Xymon isn’t the most contemporary of monitoring tools around, but it is extremely light weight, fast (Do consider nginx instead of the default apache!), and flexible. What’s even more, its modular design brings it back to the more modern days.
-> no client needed, as easy as writing a message to an ipaddress:tcp port
-> integrates well with other tools
-> no programming skills needed
-> open source
Right, it’s php cgi rendered pages with a page refresh rate of 60s – not to mention the eighties look and feel – don’t do it justice.
have a look at the admin guide here
Also, here’s the official sourceforge page and a cool demo site.
Since most of the xymon users tend to be unix sys admins, there hasn’t been much effort in improving its appearance. Config, set and use. Does what it needs to do, right?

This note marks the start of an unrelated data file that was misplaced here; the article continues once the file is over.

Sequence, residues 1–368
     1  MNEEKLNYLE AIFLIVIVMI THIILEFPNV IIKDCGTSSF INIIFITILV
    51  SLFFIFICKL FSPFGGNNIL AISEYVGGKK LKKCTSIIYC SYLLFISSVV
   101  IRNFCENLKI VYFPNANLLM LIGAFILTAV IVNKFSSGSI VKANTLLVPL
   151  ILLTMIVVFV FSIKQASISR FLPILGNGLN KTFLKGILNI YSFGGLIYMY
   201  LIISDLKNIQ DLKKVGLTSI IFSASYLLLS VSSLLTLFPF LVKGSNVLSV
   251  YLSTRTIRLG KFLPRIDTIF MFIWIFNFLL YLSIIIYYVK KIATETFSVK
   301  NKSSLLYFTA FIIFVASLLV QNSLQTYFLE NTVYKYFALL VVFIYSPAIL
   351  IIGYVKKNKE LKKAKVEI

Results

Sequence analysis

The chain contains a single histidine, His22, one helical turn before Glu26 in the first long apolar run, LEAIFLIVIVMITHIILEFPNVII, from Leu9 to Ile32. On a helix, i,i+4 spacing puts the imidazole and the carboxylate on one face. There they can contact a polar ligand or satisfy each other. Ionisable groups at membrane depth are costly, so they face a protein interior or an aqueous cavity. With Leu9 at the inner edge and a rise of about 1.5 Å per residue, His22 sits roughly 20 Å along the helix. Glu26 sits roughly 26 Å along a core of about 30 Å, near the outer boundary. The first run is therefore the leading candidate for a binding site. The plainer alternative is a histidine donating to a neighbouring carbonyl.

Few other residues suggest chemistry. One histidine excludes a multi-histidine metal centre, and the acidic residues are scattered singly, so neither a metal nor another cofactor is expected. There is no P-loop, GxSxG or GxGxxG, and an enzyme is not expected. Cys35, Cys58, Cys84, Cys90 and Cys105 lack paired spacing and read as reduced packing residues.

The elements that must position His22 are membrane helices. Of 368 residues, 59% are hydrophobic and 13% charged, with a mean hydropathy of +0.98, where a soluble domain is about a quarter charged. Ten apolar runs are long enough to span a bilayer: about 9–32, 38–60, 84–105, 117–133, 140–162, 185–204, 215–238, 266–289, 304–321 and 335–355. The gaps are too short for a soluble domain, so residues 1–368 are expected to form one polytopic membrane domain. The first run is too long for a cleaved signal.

However, I’ll walk you through a couple of ways to integrate it into your infrastructure, provide some tips and tricks like agentless monitoring with ansible and how to use nginx with fastcgi support instead of apache and multiple ways to interface with it. Not just from any *nix box, but how about powershell on windows (or linux – actually built the .NET sockets interface with powershell on ubuntu)? Works like a charm.
I’m not a frontend developer, and that’s an understatement. Colors, fonts, tables, buttons, .. Just not my best friends. Instead I wrote a light node.js restful api interface to query xymond(x)board to make it available to any system. Or you plug into xymon’s status channel and store the data into a modern time series database like opensdb or influxdb and builld beautiful graphs with grafana.
I’ll be updating my public github repo on the subject.